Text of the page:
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Friday, July 27, 2007

Rhapsody on Somebody Else's Superior Vocabulary, Part 6

Jentel Artist Residency Program
Banner, WY

Since this is a vocabulary exercise, I'm going to throw a question out there: what is the word for those little bowls carved by trapped pebbles in stony riverbeds, the kind that look as though God came down with a ball-peen hammer and indented the stone while it was still just slightly molten? It took me a minute today to remember that a porcupine has quills, not spines. Yesterday I saw my first porcupine outside of a zoo, right in our driveway as I was riding my bike out to the road. At first I thought he was a clump of grass that had been uprooted and deposited in the red gravel, and I was going to move him. Then he moved, and craned his neck around to have a look at me. He had a cute black face, and his quills lay back as though windswept. I never realized how green they were, as though the god of field grasses had tupped a black possum. I did a little mudra, the kind that usually works with dogs, to convey my good will but it was lost on him. He shambled toward the tall grasses as I got my camera out; he was unhurried and kept his quills aimed at me. I wondered if they were the same quills that had to be removed from one of the colony dogs last week.

The evening light was thrown far across the western sky, elusive through the thin spots in the cloud cover as phosphenes glimpsed by rubbed eyes. The rains had compacted the dirt, so scaling the hill was twice as easy, like swinging a fungo bat, and I wanted to keep on riding, into the night. Lightning over the eastern hills turned me back.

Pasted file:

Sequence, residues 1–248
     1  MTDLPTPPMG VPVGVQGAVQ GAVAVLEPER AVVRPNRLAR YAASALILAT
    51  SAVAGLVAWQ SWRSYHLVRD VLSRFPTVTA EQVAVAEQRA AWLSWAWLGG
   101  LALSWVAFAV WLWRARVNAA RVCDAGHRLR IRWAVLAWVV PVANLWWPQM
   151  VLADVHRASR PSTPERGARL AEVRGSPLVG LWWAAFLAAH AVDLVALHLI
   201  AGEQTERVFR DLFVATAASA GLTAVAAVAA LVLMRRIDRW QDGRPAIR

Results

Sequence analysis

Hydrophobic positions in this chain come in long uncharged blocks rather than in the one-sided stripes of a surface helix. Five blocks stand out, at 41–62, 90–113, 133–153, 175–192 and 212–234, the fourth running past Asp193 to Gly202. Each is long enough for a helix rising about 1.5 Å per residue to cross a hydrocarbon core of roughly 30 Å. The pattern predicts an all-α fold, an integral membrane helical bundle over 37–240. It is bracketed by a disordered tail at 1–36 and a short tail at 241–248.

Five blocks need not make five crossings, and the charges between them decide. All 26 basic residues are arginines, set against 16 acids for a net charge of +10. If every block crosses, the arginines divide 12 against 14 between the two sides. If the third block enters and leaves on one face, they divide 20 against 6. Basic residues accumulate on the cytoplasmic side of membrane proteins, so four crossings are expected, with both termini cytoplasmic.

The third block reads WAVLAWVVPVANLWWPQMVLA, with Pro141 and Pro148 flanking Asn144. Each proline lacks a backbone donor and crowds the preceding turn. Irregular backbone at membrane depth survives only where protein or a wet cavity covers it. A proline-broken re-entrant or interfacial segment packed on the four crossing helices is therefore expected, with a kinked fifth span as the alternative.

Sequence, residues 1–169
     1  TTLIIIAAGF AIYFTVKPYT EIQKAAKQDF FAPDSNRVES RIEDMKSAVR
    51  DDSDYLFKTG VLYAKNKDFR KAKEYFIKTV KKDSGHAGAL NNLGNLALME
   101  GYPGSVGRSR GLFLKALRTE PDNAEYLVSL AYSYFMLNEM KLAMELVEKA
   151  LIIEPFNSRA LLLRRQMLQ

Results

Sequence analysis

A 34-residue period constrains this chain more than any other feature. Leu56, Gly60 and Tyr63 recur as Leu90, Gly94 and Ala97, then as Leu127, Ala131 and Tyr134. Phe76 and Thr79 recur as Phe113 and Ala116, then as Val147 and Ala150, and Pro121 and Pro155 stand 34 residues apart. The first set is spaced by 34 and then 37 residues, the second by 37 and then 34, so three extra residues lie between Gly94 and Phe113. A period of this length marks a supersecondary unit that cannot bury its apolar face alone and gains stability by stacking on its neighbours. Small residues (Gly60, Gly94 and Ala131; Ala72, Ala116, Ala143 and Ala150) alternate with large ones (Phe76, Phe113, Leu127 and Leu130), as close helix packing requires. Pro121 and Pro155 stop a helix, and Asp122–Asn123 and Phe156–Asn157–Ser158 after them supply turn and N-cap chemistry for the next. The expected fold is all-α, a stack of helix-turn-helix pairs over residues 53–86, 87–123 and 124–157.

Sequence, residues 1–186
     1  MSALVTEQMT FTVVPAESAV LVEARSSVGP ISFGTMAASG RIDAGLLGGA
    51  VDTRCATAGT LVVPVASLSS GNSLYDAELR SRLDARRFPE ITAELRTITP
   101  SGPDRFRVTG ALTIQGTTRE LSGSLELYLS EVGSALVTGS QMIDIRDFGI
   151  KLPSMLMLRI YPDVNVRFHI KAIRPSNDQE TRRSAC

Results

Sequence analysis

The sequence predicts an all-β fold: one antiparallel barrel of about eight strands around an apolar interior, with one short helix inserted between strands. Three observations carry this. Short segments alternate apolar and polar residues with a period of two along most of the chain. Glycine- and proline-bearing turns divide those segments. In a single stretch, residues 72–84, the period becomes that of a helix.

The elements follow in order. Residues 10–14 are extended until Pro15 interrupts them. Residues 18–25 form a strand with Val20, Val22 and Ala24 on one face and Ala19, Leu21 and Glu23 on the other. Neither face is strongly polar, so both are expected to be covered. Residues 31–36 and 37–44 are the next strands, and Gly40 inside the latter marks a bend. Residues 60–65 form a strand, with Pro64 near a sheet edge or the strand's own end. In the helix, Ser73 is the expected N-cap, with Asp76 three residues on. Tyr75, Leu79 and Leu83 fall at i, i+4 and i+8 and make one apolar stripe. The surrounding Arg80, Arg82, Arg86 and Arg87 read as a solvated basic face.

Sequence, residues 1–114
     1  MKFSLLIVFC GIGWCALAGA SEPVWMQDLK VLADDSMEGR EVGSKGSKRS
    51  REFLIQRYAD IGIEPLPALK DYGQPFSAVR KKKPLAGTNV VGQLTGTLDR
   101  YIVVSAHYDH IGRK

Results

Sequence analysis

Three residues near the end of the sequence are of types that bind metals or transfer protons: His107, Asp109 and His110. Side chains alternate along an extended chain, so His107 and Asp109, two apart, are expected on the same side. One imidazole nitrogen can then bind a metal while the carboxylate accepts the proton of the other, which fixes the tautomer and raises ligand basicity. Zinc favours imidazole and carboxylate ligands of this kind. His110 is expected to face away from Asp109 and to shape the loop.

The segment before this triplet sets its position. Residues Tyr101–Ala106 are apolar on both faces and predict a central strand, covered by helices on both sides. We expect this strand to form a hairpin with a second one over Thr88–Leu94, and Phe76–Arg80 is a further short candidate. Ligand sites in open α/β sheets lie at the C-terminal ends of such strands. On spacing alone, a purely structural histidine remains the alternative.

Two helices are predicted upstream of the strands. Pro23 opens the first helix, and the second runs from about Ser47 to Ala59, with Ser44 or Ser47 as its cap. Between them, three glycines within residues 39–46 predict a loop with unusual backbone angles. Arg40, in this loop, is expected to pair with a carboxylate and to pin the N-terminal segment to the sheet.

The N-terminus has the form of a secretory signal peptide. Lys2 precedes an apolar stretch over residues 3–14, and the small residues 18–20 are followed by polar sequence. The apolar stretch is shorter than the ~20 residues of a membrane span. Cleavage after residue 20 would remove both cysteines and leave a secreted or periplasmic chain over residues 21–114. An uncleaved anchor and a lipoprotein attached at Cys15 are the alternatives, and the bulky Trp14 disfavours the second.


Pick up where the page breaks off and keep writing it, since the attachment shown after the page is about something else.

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Paul Festa’s first film, Apparition of the Eternal Church (2006, 51 min), captures the responses of 31 artists to the apocalyptic music of Olivier Messiaen (with Justin Bond, John Cameron Mitchell, Harold Bloom; screenings: Grace Cathedral, Barbican Centre, Library of Congress; “Remarkable”The New Yorker; “Stunning”Chicago Sun-Times; “Sublime”Globe & Mail; numerous awards). Festa performs the Tchaikovsky violin concerto, opposite members of the San Francisco Ballet and The Cockettes, in his award-winning second film, The Glitter Emergency (2010, 20 min), a silent-film drag ballet comedy (“Enormous visual and musical inventiveness…full of pleasure and joy...Festa gives a bravura performance."—Film Threat). He produced, wrote and edited, with director Austin Forbord, and was chief archivist, for the Emmy-nominated documentary Stage Left: A Story of Theater in San Francisco (2010, 80 min: with Robin Williams, Bill Irwin, Peter Coyote; screenings: Geary Theater, KQED; “Intriguing...entertaining...a valuable record”—Variety). Performances as violinist and actor: ODC Theater, Center for Performance Research, Kunst-Stoff, TheatreFIRST, North Bay Shakespeare, Albert Fuller's Helicon Ensemble (Merkin Hall, Weill Hall at Carnegie Hall, Alice Tully Hall). US, Boston, NYC, SF, LA and DC (Coolidge Auditorium at the Library of Congress on the “Betts” Stradivarius) premieres of Messiaen’s Fantaisie for violin and piano. He is the author of OH MY GOD: Messiaen in the Ear of the Unbeliever, based on Apparition of the Eternal Church, and several anthologized essays, and has written for The Daily Beast, Salon, Nerve, and The New York Times Book Review. Current projects include a novel and Tie It Into My Hand (2014, ca. 80 min), a documentary feature that has screened as a work in progress at the Cannes film market and at ODC Theater in San Francisco (with Alan Cumming, Gary Graffman, Peter Coyote, Mink Stole, Robert Pinsky; "A fascinating exploration of the artistic life, as rollickingly entertaining as it is insightful and stirring."San Francisco Bay Guardian). Education: Yale (B.A.; prizes, honors, distinction), Juilliard (Cert., Adv. Cert., scholarships). Residencies: Yaddo, MacDowell, ODC Theater, Centre des R├ęcollets.

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